Two roads diverged in a yellow wood…and I took the one that looked the least like rain! Not a drop all day. I made the decision as to which way to ride today, literally on the fly, at the last minute, right before the road split. I do that a lot; keeps it exciting! I decided to run to Huntington, WV and stop at the Frostop drive in. My parents owned a Frostop franchise back in the 60's. Mostly what I remember about it was the many jugs of root beer syrup in our basement. And all the equipment in our barn once they closed it down. Oh, and the “ranchburgers,” “chuckwagons” and, above all, the coney sauce.
After stopping at the Frostop in West Virginia, I can tell you that the frosty root beer is as good as ever. Not the case with the coney. Definitely not the recipe my mother used, and still uses today. It was great fun to stop though. The decor is similar and they still have curb hops. Being lousy at taking photos, I failed to get myself in a picture. We always called the place, “the root beer stand.” My dad called it the “geedunk stand,” and obscure Navy term for the snack shop on a ship.
Once I had my fill of the frosty mug, I tossed a coin and headed southeast toward the middle of nowhere West Virginia. If the show, “The Middle” attempts to portray Indiana as backwoods, they obviously have not visited the Apalachia region! When I say, middle of nowhere, I mean isolated. No cell phone signal for about 4 hours. No real towns of any size…not even a McDonald's…heck, even the gas stations were 60's throwbacks. It was so remote that the poor school kids had to take “connecting flights!” 3 buses waited for one to drop off kids in a roadside pull off. They each loaded other buses and headed toward home. It was so remote, dogs were sleeping in the road. It was so remote I saw more 4 wheelers than cars, many of them heading toward the Hatfield McCoy trails. That fued is over now, right?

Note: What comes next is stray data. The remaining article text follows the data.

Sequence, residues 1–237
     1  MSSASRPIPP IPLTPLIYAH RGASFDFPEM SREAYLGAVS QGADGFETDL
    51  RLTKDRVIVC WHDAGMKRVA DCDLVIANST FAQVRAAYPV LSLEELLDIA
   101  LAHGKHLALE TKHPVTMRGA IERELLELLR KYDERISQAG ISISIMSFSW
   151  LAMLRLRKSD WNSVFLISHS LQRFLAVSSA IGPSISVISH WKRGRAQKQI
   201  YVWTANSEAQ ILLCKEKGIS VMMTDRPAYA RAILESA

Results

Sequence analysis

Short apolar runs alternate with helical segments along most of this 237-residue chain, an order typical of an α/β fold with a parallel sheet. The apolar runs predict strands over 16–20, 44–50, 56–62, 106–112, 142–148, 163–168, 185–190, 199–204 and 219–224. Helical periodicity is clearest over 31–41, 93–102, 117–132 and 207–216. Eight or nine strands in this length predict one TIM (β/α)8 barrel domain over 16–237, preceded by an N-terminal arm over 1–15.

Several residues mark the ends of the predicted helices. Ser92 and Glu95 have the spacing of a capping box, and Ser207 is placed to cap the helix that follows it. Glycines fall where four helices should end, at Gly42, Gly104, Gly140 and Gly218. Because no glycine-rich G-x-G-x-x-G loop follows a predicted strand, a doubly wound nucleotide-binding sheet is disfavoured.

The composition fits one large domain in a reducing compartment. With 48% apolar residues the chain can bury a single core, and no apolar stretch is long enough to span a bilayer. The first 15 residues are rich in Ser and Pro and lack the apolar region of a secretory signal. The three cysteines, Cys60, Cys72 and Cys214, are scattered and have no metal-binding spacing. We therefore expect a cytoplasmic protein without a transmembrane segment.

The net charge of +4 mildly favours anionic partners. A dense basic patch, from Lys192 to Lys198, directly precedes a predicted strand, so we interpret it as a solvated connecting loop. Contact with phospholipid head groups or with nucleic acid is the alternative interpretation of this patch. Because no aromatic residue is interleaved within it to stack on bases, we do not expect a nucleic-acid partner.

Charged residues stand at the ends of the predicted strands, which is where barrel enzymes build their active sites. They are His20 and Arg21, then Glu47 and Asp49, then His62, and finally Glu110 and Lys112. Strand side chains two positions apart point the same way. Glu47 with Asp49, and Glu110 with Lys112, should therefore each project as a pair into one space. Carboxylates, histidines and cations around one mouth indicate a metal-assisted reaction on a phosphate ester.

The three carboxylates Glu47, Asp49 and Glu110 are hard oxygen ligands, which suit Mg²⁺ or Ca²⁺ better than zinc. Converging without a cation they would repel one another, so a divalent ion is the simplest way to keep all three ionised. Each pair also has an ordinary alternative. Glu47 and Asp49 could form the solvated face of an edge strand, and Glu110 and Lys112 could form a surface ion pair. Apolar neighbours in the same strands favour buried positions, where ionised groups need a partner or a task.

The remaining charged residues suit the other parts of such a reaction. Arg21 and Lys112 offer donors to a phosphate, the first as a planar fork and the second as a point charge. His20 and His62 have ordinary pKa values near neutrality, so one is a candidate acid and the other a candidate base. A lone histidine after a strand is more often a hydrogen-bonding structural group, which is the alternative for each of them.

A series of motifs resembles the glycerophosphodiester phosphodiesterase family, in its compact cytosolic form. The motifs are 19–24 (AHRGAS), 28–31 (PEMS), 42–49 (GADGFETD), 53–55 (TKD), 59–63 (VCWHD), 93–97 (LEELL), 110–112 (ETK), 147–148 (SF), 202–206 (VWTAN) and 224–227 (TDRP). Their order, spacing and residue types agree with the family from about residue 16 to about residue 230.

I had a possible desitination in mind for the night; Bluefield, VA. As soon as I was able to get a phone signal, I reserved a room. Good thing too, as college football is in town for the weekend. I thought I would never get there. Generally, I like to stop riding about 6:00-6:30, as I want to be settled before the deer and other animals start playing tag. It was closer to 8:00 before I saw civilization. If you get the chance to ride Western West Virginia, I can highly recommend Highway 10. It was as twisted as the Devil, with at least a dozen hair pin 180s and mile after mile of “left, right, left, right.” Everything from tight twisties to beatiful sweepers. I spent so much time leaned over that I was sore and exhausted by the time I made the hotel. Just keep in mind that if you make that run, it takes about 4 hours to travel 100 miles!
Well, that sums up Day1 of this year's Asheville Beer & Biscuit run. No biscuits yet. As for the beer, I didn't see a sign advertising local craft beer until I had already grabbed one of these.